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Letters to the Editor: Forcing kids back to school would be reckless. Instead, improve distance learning

A student wearing a mask at her locker in school
Sophomore Kerry Miller bags up books while cleaning out her locker at El Camino Real Charter High School in Woodland Hills on April 30.
(Los Angeles Times)

To the editor: Evidence suggests that teachers like myself and many parents are correct that physical schools cannot be reopened safely this fall. Out of concern for our own health and that of our families, many of us don’t plan to participate in the physical reopening of schools. (“Reopening California schools is dangerous. But so is letting kids go a year without learning,” editorial, June 14)

The experience of remote learning during the spring semester can and should be used as a basis for essential improvements to these programs.

Educational policymakers and local administrators must be held accountable for making sure that families can engage with remote learning — this involves hardware, internet connectivity and social welfare issues such as nutrition and child care.

The administrators of my school district covered their failures in these areas by allowing all students to be “held harmless” in terms of grading. The “hold harmless” policy undermined student engagement with learning. Administrators need to own that failure.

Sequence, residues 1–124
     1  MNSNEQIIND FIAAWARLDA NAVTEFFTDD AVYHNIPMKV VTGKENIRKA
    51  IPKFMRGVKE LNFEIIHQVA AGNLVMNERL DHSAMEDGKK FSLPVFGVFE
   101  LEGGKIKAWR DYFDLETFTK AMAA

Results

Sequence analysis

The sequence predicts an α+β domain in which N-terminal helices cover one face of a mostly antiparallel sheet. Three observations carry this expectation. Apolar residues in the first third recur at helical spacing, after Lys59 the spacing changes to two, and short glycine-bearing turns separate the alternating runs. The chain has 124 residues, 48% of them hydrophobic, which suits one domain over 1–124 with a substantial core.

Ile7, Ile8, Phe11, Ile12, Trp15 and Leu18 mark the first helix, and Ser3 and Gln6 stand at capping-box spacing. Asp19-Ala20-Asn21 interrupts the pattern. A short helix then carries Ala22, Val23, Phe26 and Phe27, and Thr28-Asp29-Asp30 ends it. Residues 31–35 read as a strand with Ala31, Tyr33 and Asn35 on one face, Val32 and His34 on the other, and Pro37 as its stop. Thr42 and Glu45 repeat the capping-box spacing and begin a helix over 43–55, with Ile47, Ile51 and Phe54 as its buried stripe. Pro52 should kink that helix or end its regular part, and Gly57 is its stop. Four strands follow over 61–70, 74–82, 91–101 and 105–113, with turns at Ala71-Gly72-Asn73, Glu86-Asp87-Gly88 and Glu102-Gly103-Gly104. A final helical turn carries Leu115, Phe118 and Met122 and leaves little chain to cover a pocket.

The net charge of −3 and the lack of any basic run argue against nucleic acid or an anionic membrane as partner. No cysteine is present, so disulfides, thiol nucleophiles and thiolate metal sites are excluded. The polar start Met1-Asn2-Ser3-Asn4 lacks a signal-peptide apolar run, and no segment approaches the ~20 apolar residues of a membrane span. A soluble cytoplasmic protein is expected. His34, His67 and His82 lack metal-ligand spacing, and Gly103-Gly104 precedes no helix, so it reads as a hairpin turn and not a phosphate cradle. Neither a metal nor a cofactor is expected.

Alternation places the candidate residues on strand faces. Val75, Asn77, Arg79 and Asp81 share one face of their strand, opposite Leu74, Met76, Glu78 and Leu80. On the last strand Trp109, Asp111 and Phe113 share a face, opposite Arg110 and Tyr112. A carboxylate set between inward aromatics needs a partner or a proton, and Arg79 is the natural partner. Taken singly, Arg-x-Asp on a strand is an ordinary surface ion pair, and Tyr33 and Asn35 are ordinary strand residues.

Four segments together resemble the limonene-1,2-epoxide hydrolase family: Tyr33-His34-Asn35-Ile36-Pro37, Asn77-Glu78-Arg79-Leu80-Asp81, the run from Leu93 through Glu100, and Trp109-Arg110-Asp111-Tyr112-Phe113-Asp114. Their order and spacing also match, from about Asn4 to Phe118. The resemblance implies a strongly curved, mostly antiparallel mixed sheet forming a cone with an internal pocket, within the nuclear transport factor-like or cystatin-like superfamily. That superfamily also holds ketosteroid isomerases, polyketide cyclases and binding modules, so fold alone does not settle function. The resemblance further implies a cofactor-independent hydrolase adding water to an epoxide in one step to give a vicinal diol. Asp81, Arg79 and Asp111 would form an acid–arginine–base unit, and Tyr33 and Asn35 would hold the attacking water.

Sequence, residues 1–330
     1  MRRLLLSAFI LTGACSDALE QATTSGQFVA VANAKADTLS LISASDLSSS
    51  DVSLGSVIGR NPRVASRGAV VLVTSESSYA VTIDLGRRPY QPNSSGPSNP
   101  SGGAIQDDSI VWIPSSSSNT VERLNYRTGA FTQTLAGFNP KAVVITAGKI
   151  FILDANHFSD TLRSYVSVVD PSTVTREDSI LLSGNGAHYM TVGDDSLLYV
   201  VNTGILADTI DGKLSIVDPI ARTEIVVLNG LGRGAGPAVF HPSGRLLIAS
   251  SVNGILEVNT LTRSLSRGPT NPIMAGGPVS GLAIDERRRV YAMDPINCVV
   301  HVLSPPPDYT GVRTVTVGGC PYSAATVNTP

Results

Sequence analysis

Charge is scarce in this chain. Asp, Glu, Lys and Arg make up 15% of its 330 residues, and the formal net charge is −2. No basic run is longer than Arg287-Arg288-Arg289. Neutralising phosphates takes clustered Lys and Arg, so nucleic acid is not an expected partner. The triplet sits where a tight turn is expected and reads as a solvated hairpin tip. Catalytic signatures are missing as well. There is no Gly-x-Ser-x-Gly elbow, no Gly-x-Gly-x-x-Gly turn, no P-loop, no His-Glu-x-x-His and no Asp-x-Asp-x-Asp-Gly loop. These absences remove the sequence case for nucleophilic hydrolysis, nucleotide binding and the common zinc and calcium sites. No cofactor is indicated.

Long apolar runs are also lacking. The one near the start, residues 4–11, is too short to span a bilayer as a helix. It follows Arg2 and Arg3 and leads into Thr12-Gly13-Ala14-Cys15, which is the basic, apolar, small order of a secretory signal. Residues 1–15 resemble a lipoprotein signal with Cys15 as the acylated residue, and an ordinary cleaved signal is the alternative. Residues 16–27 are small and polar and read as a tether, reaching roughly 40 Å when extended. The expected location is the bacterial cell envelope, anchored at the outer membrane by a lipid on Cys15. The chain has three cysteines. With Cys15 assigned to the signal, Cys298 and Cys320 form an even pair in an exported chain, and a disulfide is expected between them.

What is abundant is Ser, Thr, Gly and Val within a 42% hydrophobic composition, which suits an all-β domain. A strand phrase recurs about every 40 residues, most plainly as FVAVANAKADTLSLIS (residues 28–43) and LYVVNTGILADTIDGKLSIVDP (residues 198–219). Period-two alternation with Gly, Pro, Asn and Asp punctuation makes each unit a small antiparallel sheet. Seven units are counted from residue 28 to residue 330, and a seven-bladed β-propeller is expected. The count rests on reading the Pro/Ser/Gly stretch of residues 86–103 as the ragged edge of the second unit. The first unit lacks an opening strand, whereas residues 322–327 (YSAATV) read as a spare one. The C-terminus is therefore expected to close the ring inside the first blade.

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Students with all necessary resources in place must be held accountable for their educational production. Teachers must be held accountable for maintaining instruction at the highest possible level.

The premise that remote learning is inherently inferior is both false and self-defeating. Whether or not politicians and school administrators want to accept it, remote learning must continue. Administrators cannot go back to business as usual by commanding teachers and students back onto campus.

All school personnel must reimagine their work in this new environment.

Emily Faxon, San Francisco

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To the editor: Reopening California schools is not dangerous. As of June17, out of the 5,000-plus deaths reported in our state, not one has been under the age of 18.

In addition, global contact tracing records suggest that child-adult tramission is extremely rare, so there is not much possibility of children getting infected at school and bringing that infection home.

Children attending school risk neither themselves nor their families. We should never have sent them home in the first place.

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Robert Helbing, Monrovia


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